The plan today was to head out to the hills. Fan Brecheiniog was my goal and I decided that as Rufus had been looking and feeling fit recently, I’d take him along too. It was a beautiful, cloudless morning as we set off and for most of the journey. But, typically, as we reached the little car park at the start of the path, cloud had descended and it looked like a grim and grey walk lay ahead. Visibility was down to a few tens of yards as we set off and I was fully prepared to turn back if it didn’t show any signs of clearing.
It was wet underfoot and we squelched our way along. There was no wind and it wasn’t cold under the insulating layer of cloud. We made good progress and soon reached the river, and crossed it to reach the start of the main slope up to Llyn y Fan Fawr. I’ve walked this route many times before and several times in thick mist, like it was today. I’m confident in being able to find the lake but I usually end up taking a roundabout route if the visibility is poor. Today was no exception; I felt we’d veered off to the south as we climbed the slope. In the past, I’ve missed the lake complete by going too far south and almost bumped into the steep side of Fan Hir. So today, I veered back to the north a little.
In the silence, I could hear the faint sound of a helicopter which quickly got louder until it was clear that it was hovering over Fan Brecheiniog. It made several passes before finally heading off again. I didn’t see it but the idea that it could fly close to the mountain made me hope that as we climbed the mist would clear.
Eventually, I reached the edge of a steep slope where I wasn’t expecting one. Mist blocked the view down the slope but I had an idea we had gone too far south again, so we turned north and followed a clear path. Then I saw Rufus heading down the slope! Before I could stop him, he stopped at the lake edge, which I only noticed by the ripples he made in the water. I had been walking along the lakeside because the mist had made it look like a void. We were no more than 10 feet above the water. Now I knew where we were, I headed back to the path that led to the top of Fan Brecheiniog. In all this mist, I had only been about 20 yards out.
At the end of the lake, I stopped to talk to a guy who had been camping and was just getting ready to go. We chatted for quite a while and he told me he’d seen several people climbing Fan Brecheiniog during the night. Some shift workers had gone up and come down in time to start their morning shift. He’d heard the helicopter too, and had caught a glimpse of it when the mist cleared a little. He thought it was the Coastguard looking for a day walker that hadn’t returned. All the time Rufus wandered about enjoying the opportunity to explore but we were getting cold while we weren’t walking so we said goodbye and headed off to the start of the staircase up to the top.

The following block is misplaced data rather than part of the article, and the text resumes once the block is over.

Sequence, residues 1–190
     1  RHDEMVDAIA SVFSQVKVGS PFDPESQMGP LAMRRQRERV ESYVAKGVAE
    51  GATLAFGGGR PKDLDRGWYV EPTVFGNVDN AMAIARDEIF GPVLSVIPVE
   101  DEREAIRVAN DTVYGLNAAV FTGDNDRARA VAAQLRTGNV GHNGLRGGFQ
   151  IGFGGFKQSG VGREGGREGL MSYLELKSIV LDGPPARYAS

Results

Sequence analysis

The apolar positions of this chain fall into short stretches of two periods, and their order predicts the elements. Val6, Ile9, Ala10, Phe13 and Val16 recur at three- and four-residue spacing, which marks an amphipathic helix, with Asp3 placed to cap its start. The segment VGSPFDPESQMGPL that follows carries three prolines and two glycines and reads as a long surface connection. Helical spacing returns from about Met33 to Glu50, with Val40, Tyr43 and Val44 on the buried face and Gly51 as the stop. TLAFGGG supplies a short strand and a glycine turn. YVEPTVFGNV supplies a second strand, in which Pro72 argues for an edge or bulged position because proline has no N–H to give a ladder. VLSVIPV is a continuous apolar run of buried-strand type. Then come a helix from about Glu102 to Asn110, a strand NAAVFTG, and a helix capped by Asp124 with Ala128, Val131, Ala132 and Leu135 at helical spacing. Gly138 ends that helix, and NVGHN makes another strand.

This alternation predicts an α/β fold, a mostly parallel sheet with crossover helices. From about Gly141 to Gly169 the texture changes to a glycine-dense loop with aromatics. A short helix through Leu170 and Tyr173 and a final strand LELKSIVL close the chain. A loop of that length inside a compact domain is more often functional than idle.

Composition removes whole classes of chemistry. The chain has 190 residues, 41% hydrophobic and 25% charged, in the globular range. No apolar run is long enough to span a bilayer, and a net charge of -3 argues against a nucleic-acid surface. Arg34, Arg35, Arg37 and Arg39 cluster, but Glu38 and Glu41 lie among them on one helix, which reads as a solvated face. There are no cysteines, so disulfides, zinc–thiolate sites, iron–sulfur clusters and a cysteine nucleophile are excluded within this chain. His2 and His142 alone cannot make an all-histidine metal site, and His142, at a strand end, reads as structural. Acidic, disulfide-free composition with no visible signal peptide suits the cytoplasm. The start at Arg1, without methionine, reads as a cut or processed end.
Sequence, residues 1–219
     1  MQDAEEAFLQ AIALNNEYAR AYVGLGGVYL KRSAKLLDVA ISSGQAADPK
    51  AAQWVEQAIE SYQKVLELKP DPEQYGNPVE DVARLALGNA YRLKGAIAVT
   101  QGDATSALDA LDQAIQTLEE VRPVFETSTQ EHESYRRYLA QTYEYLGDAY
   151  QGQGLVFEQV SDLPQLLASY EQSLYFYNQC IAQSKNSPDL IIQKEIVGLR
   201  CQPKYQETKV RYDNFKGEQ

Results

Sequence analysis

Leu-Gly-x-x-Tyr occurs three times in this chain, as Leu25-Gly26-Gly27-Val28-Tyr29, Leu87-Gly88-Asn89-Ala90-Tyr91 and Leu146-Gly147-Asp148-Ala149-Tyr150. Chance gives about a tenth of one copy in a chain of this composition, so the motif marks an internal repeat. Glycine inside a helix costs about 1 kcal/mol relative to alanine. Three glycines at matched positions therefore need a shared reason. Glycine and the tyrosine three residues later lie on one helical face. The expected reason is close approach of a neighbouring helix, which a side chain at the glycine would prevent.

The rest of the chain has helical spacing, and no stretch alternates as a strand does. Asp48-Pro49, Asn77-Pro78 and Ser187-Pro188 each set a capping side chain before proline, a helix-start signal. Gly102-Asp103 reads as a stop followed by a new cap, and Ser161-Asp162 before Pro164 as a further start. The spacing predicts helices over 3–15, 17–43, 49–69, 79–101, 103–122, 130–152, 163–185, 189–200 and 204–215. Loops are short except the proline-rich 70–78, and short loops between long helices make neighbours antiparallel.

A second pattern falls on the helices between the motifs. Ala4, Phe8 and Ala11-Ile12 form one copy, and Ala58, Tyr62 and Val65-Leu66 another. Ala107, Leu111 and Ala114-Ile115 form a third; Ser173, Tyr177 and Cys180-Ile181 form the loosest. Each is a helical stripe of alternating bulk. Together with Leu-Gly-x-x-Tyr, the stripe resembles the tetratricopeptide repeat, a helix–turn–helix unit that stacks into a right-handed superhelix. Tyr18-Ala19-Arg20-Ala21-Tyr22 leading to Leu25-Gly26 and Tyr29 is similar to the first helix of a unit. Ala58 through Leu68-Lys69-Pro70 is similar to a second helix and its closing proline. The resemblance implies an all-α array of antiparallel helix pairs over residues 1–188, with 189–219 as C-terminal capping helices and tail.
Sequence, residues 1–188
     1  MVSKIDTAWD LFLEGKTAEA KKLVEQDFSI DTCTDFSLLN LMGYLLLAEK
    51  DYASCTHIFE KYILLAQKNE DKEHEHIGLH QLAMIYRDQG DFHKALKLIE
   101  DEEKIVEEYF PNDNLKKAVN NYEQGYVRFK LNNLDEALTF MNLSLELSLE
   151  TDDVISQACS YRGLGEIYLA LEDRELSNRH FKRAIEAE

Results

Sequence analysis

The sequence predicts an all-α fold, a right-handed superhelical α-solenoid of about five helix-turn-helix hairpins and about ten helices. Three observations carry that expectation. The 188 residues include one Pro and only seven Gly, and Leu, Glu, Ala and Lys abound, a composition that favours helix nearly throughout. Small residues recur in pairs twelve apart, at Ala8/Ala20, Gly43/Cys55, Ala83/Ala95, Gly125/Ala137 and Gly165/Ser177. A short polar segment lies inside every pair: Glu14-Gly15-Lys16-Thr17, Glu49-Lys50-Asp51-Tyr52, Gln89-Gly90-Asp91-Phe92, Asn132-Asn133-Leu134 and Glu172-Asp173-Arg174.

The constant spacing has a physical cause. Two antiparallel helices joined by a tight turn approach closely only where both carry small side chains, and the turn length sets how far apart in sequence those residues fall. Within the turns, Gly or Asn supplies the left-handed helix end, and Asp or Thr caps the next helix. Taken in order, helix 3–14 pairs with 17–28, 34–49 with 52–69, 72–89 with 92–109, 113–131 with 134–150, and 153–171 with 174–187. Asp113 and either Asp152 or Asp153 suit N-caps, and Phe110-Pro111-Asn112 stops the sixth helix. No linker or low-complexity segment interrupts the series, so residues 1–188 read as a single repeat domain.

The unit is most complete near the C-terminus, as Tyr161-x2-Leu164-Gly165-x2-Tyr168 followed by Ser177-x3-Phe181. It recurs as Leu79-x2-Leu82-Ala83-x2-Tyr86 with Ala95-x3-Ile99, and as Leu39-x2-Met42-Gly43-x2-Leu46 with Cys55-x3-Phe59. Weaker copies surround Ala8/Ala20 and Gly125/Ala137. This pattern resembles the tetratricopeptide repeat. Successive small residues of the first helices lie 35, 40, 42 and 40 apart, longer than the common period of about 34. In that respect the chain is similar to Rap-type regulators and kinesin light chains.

Rufus seemed fine and keen to go so I decided we would make the effort. We could always turn back at any time. As we climbed slowly up the path, I felt as if the mist was thinning a little but the visibility was still poor. Then, as we started on the final pull to the top, I spotted blue sky above and within seconds, we had burst out of the mist layer and we were looking down on the tops of the clouds.
If you’ve ever flown you’ll know that feeling of being above the clouds in perpetual sunlight. It was a wonderful feeling; all the better for us having made our own way here rather than by plane! The sun was strong but so was the wind on the top of the hill and it got much colder very quickly. But the 360 degree views were stunning. To the north and east, there was nothing but cloud below us. To the south, a hazy mist made the hills leading to the coast fade into the distance. To the west, the views were clear across the Black Mountain and beyond. I stopped to talk to one walker there and we tried to identify all the hilltops we could see.
To the east, Pen y Fan and Corn Du poked their heads just above the clouds and it felt as if you could swim in the cloud between them. We walked on to the cairn at Foel Fawr as we neared the cairn at the end of the ridge, cloud was being blown up the side of the hill and over the path. Small patches of snow remained on the top and they had frozen overnight. We crunched our way through and finally got to the cairn. It was such a different day to the one we had set out in. From a black and white world to one full of colour within an hour, and it did so much to lift my spirits after a long, damp slog through the mud and marsh below.
After a rest and some photos, we reluctantly turned around to make our way back to the car. As I type, there is much snoring coming from a tired hound.
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